Our jobs are important but they’re not essentials.
I’ve been having to remind myself that while working furiously (by this, I mean intensely & with all my heart) is great — I shouldn’t let my 9 to 5 steal occupy more space in my life than it should. It’s been happening in the last 3 months — work took a seat a my dinner table, I showered with it, I dreamed it, I asked my spouse about it. It edged essential things out.
I let my “today” items (the deadlines, the emails & calls to return, the targets to meet) overtake things I desperately needed for more “tomorrows” (self-care, prayer, time with family, sleep).
Tomorrow is Monday. I think it’s time I put today down.
Surprise. Intrigue. Guilt. Happiness. New-ness. Nostalgia. Desire. I noticed that successful campaigns had at least two of these emotional elements.
It’s not just about acting, good visuals or sad violin music.
Good, effective campaigns start with clear communications:
a crystal vision of where we want to be
a determined way of hacking out a path.
For us who are writing — whether to sell products, to change minds, to transform society – developing an emotional hook is important to getting our target market to respond.
A few weeks ago, I went on a feelings spree with another PR colleague.
We traveled to the National Museum to answer some questions:
“Paano ba humugot at saan ba huhugot?”
hugot – an emotional response & a wellspring of creativity.
Here’s what we found:
Every story we write must set us apart.
Catching the essence requires focus.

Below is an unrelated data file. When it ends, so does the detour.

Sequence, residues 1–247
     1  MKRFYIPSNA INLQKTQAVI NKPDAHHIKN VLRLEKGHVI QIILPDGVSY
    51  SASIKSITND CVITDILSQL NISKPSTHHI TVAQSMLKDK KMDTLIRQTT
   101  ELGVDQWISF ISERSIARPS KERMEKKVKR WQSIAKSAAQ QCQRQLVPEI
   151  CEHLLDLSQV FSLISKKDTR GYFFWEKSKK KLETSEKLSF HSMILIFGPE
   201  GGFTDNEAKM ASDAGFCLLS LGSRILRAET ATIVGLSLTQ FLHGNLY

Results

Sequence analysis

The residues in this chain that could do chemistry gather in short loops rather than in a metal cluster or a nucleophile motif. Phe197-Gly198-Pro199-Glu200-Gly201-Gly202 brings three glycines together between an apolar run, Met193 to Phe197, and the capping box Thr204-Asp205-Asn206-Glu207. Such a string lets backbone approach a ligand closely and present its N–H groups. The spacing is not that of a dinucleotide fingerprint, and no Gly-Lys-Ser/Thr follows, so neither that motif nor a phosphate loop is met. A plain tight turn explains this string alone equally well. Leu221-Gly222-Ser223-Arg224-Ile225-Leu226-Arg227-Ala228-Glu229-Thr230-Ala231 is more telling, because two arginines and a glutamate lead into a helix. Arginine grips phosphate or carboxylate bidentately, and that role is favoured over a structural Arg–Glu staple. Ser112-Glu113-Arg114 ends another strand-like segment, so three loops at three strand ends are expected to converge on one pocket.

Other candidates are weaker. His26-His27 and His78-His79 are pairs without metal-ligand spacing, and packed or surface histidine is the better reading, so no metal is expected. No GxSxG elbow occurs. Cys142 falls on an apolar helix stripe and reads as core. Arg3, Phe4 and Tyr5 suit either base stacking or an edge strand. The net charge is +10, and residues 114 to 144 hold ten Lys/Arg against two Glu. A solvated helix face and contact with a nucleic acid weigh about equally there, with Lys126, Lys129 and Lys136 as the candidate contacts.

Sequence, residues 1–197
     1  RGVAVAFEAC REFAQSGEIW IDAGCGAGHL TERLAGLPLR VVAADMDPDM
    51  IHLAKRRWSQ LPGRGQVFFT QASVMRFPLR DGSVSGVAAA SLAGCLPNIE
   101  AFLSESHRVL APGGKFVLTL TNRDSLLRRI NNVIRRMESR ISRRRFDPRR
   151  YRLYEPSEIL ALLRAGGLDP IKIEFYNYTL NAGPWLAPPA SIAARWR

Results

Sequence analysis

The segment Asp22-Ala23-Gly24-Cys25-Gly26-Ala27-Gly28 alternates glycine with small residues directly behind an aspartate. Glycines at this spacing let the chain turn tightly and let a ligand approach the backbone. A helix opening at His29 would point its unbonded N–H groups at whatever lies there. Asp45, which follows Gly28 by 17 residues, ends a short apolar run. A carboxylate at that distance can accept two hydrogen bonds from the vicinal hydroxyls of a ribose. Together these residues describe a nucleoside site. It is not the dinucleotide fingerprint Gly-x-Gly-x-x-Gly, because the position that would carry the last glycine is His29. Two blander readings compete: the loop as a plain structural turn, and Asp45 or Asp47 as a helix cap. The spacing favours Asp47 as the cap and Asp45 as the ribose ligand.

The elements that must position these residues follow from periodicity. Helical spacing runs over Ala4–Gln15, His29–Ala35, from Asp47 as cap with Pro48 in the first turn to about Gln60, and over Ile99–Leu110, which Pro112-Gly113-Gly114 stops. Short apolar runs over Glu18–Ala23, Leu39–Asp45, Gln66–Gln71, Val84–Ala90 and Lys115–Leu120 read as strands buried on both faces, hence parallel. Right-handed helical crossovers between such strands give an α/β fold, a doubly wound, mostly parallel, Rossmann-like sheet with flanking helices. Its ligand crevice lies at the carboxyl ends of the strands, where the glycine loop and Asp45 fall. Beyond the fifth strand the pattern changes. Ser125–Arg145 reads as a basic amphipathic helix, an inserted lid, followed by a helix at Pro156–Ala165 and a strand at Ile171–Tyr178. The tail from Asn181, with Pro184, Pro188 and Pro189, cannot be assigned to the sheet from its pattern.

Putting ourselves in our customers’ shoes helps us write more authentically.
The art we saw were were visualizations of specific calls to action.
When words are cheap & fame is easy, it’s our mastery of story that will help us establish a brand of renown.
Para sa lahat ng mga babaeng nasa manibela at sa mga walang sawang buma-backride para banayad ang biyahe at di kulang-kulang ang bayad.
For all the women who persist and everyone who lends their time & talents to advancing women’s rights – those who make sure the vulnerable are never shortchanged, salut! 🙂
Feeling forced to buy gifts?
The social pressures and the financial burden of gift-giving can turn anyone into a Grinch.
For us though — market researchers, digital marketers & PR pros who are working in an organization that seeks to serve the nation’s poorest — the holidays bring even harder questions than “who gets what?”.
Why must we keep on anchoring generosity on material gifts?
How can we push for more mindful giving?
How can we go beyond buying a social enterprise gifts?
Well, instead of bemoaning the financial and social costs of giving everyone a present, a couple of work colleagues & I came up with a new way to be generous this season! 🙂
In lieu of buying gifts, we had a “cashless Christmas” instead.
How does it work? Gifts must cost nothing & must be based on a singular idea. Whether the idea is in the realm of tried & true tips or inspiring mantras is all up to the giver. The only requirement for the exchange is that the piece of paper or cardboard containing your idea is “display-able”.
Here are some of the (amazing!) things we received:
Ideas are precious & powerful gifts worth sharing.
Merry Christmas! 🙂